The Project 21.658 bill was debated for the second time last week in the Costa Rican parliament. The bill contains measures to prohibit the use of ban all kinds of vaping equipment in public areas as well as opening up the route to place punitive levels of taxation onto ecigs, e-liquids and anything else used for vaping.
The bill was passed with a massive 33 votes to 7, with 16 officials not taking part in the vote.
Using the Covid pandemic as an excuse to ignore tobacco harm reduction evidence, a representative of the Ministry for Health said: “I think this project is extremely important for the country. It has the full support of the Ministry of Health. It is completely in line with the health alert we already issued regarding the use of vaping devices, where we have even been very clear that there is no study that can show e-cigarettes are a smoking cessation therapy. On the contrary, we have to disincentivise the use of cigarettes and the use of vaporisers.”
Luis Aiza, one of the figures responsible for constructing the bill, told journalists: “The use of these vaporisers or electronic cigarettes with or without nicotine represents a considerable health risk.”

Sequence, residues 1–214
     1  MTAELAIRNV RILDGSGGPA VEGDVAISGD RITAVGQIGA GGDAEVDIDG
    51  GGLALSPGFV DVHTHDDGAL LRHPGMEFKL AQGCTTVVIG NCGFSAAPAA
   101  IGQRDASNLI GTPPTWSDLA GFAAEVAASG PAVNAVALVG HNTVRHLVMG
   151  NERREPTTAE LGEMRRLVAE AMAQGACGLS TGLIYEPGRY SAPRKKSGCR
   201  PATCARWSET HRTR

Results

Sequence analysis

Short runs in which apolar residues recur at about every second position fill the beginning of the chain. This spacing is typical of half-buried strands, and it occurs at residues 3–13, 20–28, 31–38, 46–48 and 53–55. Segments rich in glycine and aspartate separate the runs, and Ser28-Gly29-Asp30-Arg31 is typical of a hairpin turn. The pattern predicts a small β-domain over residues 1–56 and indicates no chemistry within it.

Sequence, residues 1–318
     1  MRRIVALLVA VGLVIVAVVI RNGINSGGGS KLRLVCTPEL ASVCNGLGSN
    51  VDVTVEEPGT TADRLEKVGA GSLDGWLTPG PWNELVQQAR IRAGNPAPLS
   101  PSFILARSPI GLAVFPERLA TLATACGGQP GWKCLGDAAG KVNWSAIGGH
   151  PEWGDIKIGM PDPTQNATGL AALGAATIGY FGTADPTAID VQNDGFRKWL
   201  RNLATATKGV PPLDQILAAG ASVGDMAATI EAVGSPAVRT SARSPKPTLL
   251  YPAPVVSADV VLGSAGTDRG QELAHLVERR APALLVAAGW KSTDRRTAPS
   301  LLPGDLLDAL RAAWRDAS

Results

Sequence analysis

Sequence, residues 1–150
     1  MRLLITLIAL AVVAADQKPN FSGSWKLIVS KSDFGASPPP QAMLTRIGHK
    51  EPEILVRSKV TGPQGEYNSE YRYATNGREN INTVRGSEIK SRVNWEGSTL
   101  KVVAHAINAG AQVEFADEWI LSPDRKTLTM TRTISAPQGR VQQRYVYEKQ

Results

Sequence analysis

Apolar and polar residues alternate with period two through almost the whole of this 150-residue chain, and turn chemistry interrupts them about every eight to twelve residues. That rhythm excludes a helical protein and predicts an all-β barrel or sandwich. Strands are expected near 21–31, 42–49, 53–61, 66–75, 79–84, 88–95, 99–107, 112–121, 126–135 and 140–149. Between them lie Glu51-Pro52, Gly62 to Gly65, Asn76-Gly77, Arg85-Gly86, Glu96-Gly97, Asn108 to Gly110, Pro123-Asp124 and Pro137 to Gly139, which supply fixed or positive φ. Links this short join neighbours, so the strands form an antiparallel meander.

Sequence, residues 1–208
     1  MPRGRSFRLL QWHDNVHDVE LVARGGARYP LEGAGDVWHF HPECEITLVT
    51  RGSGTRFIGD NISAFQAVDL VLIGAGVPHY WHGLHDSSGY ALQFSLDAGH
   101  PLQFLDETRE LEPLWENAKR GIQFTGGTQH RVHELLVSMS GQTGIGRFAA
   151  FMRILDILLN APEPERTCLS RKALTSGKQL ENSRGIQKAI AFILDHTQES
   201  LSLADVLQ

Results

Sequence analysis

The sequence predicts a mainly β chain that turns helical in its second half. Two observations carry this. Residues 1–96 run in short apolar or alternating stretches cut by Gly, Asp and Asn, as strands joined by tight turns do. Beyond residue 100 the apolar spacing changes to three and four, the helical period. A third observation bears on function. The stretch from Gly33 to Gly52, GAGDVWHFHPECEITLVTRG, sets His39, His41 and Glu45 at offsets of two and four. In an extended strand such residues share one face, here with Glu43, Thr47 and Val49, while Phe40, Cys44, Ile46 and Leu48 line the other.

Currently, 13.4% of men, 4.4% of women in Costa Rica smoke. With 5 million residents, this equates to 445,000 smokers. Annually, it is estimated that more than 1100 Costa Rican die due to smoking-related illnesses.
Nydia Amador, president of the nation’s anti-smoking group Red Nacional Antitabaco welcomed the move to crush support for tobacco harm reduction: “It is important to consider the vulnerability of all consumers of tobacco products, including electronic devices or vapers, to any disease of the respiratory system, since the first studies on the effects of the use of vaporisers and heated tobacco products show negative consequences for the lungs and the immune and cardiovascular systems.”
Amador poured scorn on advocates who attempted to get the politicians to look at the evidence amassed in the United Kingdom, going so far as to deny Public Health England’s statement that vaping is “at least 95% safer than smoking”.
Costa Rican smokers and vapers must be wondering what evidence their policymakers are basing opinions on if they aren’t going to take the UK experience seriously.